Deborah Rifkin, Associate Professor of Music Theory, Ithaca College
No matter the form or genre, all art is an expression or application of creative skill and imagination that can be appreciated for its beauty, impact, or emotional effect. Because art is an outgrowth of culture and society, we can often perceive similar aesthetics between diverse art forms that are produced in the same context and time period. For example, Enlightenment ideals are evident in both Mozart’s sonatas and the Federal-style architecture of our capitol buildings. However, we approach each art form with different cognitive abilities specific to its medium. Music and dance are genres that unfold over time, in contrast to the visual arts that present a whole work at once. Since our cognitive processes for conceptualizing and organizing time are different than those for visual and spatial stimuli, we perceive the art differently. In this presentation/workshop, we will explore the role of our cognitive processes in the understanding and teaching of the arts. Specifically, using interactive exercises we will demonstrate the importance of memory and image schema for conceptualizing meaning in music, visual arts, theatre, and dance.
Deborah Rifkin (Associate Professor of Music Theory) is an award-winning music theory and sight-singing teacher at Ithaca College in the Finger Lakes region of New York State. Her research interests include the music of 20th-century neo-tonal composers, feminist and narrative theories and their contributions to music analysis, and pedagogy of aural skills. She has published articles in Music Theory Spectrum, Theory and Practice, twentieth-century music, Ex Tempore, and Journal of Music Theory Pedagogy. She also has a book chapter forthcoming (2014) in Analytic Essays on Music by Women Composers published by Oxford University Press. She earned her Ph.D. in music theory in 2000 from the Eastman School of Music. Deborah started out as a classical violinist, earning prizes and prestigious seats in regional orchestras in her youth and graduate studies. She studied with Janet Baker, Andrew Jennings, and Hamao Fujiwara. Now, she is an avid fiddler, performing and teaching Klezmer, Celtic, and contradance styles each summer at Folk College, in the hills of Pennsylvania.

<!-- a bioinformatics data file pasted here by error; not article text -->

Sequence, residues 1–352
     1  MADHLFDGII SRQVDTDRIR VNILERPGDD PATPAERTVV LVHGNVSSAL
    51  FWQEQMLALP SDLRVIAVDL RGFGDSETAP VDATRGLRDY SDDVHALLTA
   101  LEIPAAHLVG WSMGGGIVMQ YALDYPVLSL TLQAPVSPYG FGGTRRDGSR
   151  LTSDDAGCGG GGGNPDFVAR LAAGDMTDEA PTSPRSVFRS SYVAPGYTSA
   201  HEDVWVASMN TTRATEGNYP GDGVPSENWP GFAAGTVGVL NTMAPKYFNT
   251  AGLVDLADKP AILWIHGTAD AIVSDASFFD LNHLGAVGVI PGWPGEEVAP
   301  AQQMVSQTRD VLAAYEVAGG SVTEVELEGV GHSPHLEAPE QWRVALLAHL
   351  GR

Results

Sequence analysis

Throughout twenty years of teaching college music majors at some of the top conservatories in the country, (Eastman School of Music, University of Michigan, Oberlin College Conservatory, and Ithaca College,) Deborah noticed that aural skills develop more slowly than other kinds of learning, such as written or kinesthetic skills. Intrigued by this phenomenon, which suggests that the learning process for aural skills could be different compared to other types, she collaborated with Philip Stoecker (from Hofstra University) to develop a learning taxonomy geared specifically for music classes. Deborah and Philip sought adaptations of Bloom’s taxonomy that catered specifically to music learning by accommodating the time-sensitive nature of performed arts, rather than the more spatial emphasis that arguably persists with most learning theories. Their resultant music learning taxonomy, which integrates recent advances in cognition and pedagogy studies, has garnered national attention not only among college music teachers, but also in general education communities invested in evidence-based scholarship of teaching and learning, such as ISSOTL and the Lilly Conferences.
Articles written by Rifkin that might interest those attending the talk include:
“A Revised Taxonomy for Music Learning” Journal of Music Theory Pedagogy 25 (2011): 1-35. (Co-authored with Philip Stoecker.)
“Developing Aural Skills: It’s Not Just a Game” Journal of Music Theory Pedagogy 20 (2006), 57–78. (Co-authored with Diane Urista.)
Lunch will be provided. Please RSVP to email@example.com or x85866.
This program will be video and audio taped and may be podcast. By your willing participation in the program, you expressly and irrevocably consent to be photographed, videotaped and/or audio taped and quoted/cited. The films, tapes, and other digital recordings will become the property of the Center of Teaching Excellence, LMU.
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